Dr. Cho's research focuses on organ-on-chips, nanobiosensors for the study of neurosciences and cancer biology, innovative mechanical components evolving multiple physics, and portable platforms for healthcare diagnostics and environmental sustainability.
Preparative and physical organic chemistry, construction of complex fluorinated frameworks for molecular recognition or self-assembly with potential applications in sensing and sequestration; mechanistic investigation of the chemistry of unusual polycyclic scaffolds; extended (fluorinated) pi-systems as ligands in organometallic systems.
Resonance in nano systems; photophysics of low-dimensional systems; ultrasensitive detection of nanoscale and quantum systems; nonlinear and ultrafast optics and spectroscopy; nano-plasmonics; optical metamaterials; applications of the above endeavors in energy, biomedical, optoelectronics.
Quantum dots and nanocrystals; time-resolved fluorescence spectroscopy; electron and energy transfer studies; exciton-plasmon interactions between metal and semiconductor nanoparticles; photophysics in light harvesting systems; solar energy.
Biophysical Chemistry. Structural information on bio/nano-molecular associations using spectroscopic techniques; in particular, light scattering (UV-VIS, X-ray and neutron), FTIR, Circular Dichroism and visualization of those associations through the use of molecular modeling.
Biological molecular motors. We study myosin, the protein responsible for force generation in muscle. We combine protein mutagenesis, labeling, and electron paramagnetic resonance and transient time-resolved fluorescence resonance energy transfer to explore myosin functional dynamics on molecular and submolecular level.
Research area: experimental biophysics at nanoscale. We investigate how structure, dynamics, and interactions with binding partners define the function of a protein. The goal is to use this information for protein engineering and design of therapeutic compounds. We use a multidisciplinary approach, which includes advanced solution NMR and optical spectroscopy, molecular modeling, and basic biochemistry.
Studies of supramolecular systems “mechanically wrapping” about nanotubes, nanoparticles, and quantum dots. Elucidating energy and charge transfer mechanisms. Manufacturing nanomachines, nanosensors, nanotransducers and nanoparticle based composites for energy storage applications.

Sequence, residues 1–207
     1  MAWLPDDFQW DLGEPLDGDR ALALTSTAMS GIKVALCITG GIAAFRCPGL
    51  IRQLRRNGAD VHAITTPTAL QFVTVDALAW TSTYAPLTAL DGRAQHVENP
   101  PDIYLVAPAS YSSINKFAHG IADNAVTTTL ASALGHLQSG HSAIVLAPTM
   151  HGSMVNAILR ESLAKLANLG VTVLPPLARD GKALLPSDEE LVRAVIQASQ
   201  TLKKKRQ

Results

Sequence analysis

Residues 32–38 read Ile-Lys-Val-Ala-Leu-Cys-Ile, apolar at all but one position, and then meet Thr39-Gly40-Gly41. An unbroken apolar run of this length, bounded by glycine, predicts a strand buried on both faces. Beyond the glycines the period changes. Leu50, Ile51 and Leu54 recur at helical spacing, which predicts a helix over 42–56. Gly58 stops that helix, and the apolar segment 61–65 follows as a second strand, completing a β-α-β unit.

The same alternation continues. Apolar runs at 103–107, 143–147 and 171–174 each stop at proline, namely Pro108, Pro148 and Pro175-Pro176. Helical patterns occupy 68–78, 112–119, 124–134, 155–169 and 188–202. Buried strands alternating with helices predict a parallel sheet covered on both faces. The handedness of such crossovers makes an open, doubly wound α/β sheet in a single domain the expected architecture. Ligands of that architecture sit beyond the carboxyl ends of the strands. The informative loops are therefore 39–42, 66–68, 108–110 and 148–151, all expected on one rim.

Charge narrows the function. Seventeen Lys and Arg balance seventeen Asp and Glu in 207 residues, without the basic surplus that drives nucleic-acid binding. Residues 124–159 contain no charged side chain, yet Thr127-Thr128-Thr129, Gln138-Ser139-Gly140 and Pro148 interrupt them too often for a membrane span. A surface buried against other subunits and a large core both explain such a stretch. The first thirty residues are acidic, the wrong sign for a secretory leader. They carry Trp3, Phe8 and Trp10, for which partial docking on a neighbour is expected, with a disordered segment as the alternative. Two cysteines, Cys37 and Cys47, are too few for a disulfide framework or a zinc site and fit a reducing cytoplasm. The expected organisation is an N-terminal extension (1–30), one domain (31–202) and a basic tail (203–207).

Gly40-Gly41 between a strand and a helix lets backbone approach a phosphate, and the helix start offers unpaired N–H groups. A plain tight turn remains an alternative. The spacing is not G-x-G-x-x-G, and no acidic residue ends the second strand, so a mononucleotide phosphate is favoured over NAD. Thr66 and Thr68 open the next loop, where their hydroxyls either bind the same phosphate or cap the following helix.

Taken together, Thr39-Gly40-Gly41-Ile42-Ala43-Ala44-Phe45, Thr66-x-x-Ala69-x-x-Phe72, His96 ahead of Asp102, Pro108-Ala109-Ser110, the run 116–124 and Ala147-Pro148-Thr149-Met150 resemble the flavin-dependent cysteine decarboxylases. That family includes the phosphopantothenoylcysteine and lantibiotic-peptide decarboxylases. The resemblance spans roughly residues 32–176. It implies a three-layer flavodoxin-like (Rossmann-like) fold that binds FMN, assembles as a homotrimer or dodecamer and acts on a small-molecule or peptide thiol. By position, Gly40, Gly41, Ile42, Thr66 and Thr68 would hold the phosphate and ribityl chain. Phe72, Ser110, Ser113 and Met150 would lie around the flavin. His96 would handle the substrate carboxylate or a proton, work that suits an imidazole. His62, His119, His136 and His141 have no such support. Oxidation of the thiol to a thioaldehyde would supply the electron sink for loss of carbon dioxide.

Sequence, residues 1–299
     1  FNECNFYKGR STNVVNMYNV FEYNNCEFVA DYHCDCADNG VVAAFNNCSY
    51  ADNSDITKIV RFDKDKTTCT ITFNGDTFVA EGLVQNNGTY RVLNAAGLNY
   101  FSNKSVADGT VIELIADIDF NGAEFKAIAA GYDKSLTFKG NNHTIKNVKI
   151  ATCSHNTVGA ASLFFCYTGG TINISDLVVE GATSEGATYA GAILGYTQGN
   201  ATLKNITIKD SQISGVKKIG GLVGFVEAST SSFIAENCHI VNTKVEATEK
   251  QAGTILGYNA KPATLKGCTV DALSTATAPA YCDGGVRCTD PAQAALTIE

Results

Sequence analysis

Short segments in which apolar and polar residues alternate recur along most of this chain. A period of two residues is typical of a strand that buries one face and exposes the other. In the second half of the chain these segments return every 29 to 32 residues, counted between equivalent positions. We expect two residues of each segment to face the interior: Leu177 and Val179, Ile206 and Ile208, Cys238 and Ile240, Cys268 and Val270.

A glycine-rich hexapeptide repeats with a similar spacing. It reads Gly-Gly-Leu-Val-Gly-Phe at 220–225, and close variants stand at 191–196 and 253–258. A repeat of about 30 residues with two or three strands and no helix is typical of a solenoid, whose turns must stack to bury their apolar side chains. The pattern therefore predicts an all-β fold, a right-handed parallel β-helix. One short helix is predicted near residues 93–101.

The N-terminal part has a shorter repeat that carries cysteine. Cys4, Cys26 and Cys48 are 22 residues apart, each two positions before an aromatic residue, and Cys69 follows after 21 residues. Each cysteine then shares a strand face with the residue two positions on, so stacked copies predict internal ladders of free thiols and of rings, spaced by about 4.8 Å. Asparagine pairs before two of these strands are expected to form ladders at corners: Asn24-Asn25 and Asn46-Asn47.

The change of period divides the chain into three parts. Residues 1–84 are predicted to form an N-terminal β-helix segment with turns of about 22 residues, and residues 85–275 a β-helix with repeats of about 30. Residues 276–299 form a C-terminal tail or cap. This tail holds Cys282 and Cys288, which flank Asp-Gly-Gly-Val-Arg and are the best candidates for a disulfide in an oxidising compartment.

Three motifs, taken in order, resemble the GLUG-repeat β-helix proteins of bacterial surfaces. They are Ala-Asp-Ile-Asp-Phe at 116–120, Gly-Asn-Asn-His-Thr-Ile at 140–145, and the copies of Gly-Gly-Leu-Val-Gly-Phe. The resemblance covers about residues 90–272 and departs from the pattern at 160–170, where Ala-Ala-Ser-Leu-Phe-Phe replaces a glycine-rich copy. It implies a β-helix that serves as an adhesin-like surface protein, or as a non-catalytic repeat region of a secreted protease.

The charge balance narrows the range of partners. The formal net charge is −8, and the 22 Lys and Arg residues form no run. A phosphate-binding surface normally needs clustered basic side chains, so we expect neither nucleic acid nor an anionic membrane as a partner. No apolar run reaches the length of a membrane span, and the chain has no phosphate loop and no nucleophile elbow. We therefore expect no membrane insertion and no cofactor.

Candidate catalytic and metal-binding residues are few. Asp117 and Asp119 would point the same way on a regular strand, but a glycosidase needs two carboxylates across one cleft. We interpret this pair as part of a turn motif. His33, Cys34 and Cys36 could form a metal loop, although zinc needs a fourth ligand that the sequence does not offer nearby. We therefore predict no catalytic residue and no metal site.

Synthesis of novel silicon containing compounds and materials, especially compounds or complexes in which silicon is used as a substitute for a carbon atom or a transition metal. Specific focus areas include redox-active hexacoordinate silicon complexes, silicon heterocycles, and silicon-based conducting polymers.
Professor Stokes’ research group investigates nanoscale materials for use in semiconductor optoelectronic devices such as light emitting diodes and solar cells. Materials are formed through traditional epitaxial growth (e.g. MOCVD), or through deposition of colloidal semiconductor quantum dots from solution.
Diffractive optics and refractive micro-optics; Fabrication and integration methods for micro/nano-optics and microsystems; Nanoreplication and nanomanufacturing; Free form micromachining; Biomimetic photonics; Applications of micro/nano structures for optical sensors, solar energy, bio-photonics, directed energy, and computational imaging.
Bacterial sugar polymer biosynthesis; functional studies of membrane bound proteins; development of probes to study biological systems. We utilize techniques in molecular biology, biochemistry, enzymology and organic synthesis to develop bioactive materials and understand the natural pathways responsible for them.
We are interested on the synthesis of novel hybrid nanodevices for biomedical applications. We develop nanoparticle-based drug delivery systems for cancer treatment. By engineering nanoparticles, we are exploring new routes of cellular internalization and intracellular trafficking pathways.
Processing and mechanical properties over a wide spectrum of loading conditions and length scales of nanostructured materials. Size effect of mechanical properties of various materials including crystalline metals, bulk metallic glasses. Constitutive behavior of natural and man-made nanocomposites. Dynamic properties of materials.
How structure affects function of nucleic acids, both biologically and in the performance of high-throughput assays, which are produced in genomics experiments and used by bioinformaticians as the basis for most network inference studies
Synthesis and characterization of one-dimensional nanostructures for energy conversion; Study of mechanical properties of individual nanostructures by nanoindentation and/or in-situ testing methods with a scanning electron microscope.
Novel materials (nanostructures, alloys, inorganic-organic hybrids) and device architectures for energy and related applications (photovoltaics, solid-state-lighting, photo-detector); Fundamental sciences in solid state physics and electrical engineering; Optical spectroscopy; Large scale first-principles and empirical electronic structure modeling.